Russian Human Rights Commissioner Konstantin Dolgov confirmed on Thursday that Foreign Minister Sergey Lavrov would meet with US Secretary of State John Kerry in Berlin, Germany on Feb. 26.
The meeting comes after it was reported by the Western media
that Kerry failed to reach Lavrov via telephone on two separate
occasions last week, causing analysts to speculate on the condition
of the Russia-US relationship.
However, the Russian Foreign Ministry rejected the claim that two attempts were made to reach Lavrov, saying that Kerry had made just one attempt, but, according to Foreign Minister spokesperson Alexander Lukashenko, “the conversation could not be held” because Lavrov was touring African countries at the time.
The outspoken leader of the Russian LibDem Party (LPDR), Vladimir Zhirinovsky joked about Kerry’s failure to reach Lavrov, suggesting that the US Secretary of State was desperately attempting to reach the Russian diplomat to warn of a new US weapon test that had gone awry and was heading for Russian territory.
Zhirinovsky was referring to last week’s spectacular meteorite explosion that lit up the skies over the Russian town of Chelyabinsk.
It will be Kerry’s first official trip abroad after taking over from Hillary Clinton as the new US Secretary of State, and there will be much to discuss between the two veteran statesmen.
Dolgov, speaking at a meeting of the State Duma committee on the family announced that Lavrov told informed him that the question of the rights of Russian children adopted by American families would be one of the main talking points.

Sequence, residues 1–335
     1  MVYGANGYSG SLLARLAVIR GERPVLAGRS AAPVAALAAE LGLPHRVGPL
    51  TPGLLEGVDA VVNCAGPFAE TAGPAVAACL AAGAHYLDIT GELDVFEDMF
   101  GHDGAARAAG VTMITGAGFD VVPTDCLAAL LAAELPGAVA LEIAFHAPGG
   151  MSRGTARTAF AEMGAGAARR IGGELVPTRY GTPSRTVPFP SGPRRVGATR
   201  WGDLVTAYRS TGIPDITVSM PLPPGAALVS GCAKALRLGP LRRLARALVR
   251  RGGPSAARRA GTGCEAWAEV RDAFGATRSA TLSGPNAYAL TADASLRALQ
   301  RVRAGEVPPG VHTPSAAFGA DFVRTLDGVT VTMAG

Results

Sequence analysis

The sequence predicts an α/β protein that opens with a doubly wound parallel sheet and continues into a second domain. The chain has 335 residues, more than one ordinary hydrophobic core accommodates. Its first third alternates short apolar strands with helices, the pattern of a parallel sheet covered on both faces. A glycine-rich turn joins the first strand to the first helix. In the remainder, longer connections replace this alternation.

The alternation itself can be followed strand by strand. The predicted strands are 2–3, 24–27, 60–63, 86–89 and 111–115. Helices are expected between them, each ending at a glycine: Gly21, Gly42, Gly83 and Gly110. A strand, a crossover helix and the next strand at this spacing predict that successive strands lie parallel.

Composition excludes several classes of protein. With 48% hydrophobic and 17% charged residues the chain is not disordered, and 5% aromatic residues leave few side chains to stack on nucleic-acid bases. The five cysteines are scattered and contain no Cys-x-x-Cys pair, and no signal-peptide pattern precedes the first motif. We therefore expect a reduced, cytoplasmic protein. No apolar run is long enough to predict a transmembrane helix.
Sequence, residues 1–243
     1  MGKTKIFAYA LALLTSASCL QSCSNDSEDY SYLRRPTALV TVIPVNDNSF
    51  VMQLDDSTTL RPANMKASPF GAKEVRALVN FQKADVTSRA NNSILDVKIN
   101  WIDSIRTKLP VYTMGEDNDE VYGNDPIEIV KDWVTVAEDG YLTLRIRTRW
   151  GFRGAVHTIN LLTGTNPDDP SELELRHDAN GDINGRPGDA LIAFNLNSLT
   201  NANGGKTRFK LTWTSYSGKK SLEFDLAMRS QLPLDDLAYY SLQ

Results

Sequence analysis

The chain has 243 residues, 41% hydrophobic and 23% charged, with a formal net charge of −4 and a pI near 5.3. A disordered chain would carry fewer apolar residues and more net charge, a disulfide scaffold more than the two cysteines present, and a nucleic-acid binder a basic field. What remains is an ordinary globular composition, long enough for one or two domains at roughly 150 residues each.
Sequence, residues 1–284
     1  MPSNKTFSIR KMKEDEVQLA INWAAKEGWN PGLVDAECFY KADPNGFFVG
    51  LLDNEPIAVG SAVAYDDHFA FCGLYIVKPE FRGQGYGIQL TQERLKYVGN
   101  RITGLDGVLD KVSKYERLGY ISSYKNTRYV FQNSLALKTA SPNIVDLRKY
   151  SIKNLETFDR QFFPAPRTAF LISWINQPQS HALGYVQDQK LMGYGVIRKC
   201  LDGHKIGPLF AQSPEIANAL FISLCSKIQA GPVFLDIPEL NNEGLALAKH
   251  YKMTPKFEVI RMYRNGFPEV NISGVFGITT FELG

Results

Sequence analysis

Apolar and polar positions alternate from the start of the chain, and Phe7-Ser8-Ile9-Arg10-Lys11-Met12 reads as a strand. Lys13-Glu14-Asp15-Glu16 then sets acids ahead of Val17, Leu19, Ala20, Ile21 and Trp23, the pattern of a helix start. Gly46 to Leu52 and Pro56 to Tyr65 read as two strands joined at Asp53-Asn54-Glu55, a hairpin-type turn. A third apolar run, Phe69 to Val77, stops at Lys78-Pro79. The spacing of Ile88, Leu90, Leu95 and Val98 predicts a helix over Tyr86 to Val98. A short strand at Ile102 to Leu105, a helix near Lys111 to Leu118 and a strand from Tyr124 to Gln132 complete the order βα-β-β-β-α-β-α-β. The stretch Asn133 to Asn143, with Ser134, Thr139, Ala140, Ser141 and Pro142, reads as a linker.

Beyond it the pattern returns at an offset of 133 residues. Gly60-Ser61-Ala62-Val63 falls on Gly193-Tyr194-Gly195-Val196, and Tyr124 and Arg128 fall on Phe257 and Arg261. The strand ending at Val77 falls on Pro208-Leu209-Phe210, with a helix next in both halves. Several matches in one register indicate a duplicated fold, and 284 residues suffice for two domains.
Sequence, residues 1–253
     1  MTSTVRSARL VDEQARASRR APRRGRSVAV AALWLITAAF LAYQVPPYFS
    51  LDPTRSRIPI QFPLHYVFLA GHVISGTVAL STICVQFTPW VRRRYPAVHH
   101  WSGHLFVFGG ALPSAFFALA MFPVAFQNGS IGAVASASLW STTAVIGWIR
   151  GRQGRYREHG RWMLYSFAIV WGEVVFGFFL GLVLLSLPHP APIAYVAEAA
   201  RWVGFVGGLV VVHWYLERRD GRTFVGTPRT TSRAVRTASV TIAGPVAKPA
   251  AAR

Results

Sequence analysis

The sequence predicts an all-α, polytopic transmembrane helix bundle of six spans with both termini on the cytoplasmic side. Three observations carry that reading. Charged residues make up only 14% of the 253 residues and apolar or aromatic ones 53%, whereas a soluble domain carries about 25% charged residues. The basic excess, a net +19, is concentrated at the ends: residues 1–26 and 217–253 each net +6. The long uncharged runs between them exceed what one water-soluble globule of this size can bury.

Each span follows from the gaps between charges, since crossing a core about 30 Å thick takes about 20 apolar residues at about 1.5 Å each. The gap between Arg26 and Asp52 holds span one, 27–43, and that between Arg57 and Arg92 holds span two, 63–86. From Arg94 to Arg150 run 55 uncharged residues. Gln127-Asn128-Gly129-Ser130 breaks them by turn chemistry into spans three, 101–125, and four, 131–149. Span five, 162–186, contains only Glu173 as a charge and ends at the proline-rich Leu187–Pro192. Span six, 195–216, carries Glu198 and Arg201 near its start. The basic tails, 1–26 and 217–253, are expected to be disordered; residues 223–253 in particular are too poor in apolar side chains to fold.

The comment came just hours after it was reported that another adoptive Russian child died in the United States.
"I spoke with Sergey Lavrov just before coming here, and he asked me to stress that this issue, primarily the death of Maxim Kuzmin, will be among the key issues on the agenda of his negotiations with Kerry scheduled for next week," Dolgov said.
The Human Rights Commissioner of the Foreign Ministry said Russia was not informed promptly enough about Kuzmin's death.
Meanwhile, US officials have declared their willingness to maintain cooperation with Russia, particularly the Russian embassy in Washington, to determine the details of the tragedy, he said.
"There have been certain assurances from the U.S. that they are keeping this situation under special control and will be doing all they can at the State Department to provide us with all the necessary information and do whatever they can so that this case be investigated properly," Dolgov said.
Kuzmin was adopted by a US family from the same orphanage as Dmitry Yakovlev, the child who died from heatstroke in 2008 after being left unattended inside of a car by his American parents. Yakovlev's name has been given to a Russian law that prohibits the adoption of Russian children by US citizens, which took effect at the end of 2012.
Meanwhile, other pressing international issues will certainly be discussed by Lavrov and Kerry, including the two-year conflict in Syria, where a militant opposition is trying to force out President Assad.
Moscow, adhering to the conditions laid out in the Geneva Communiqué, want both sides to honor a ceasefire and enter negotiations. Washington, however, has taken a decidedly pro-rebel position and has repeatedly issued calls for Assad to step down.
At the same time, the question over how to deal with North Korea, which conducted an underground test of a nuclear device on February 12, will also rank high on the agenda.
Robert Bridge, RT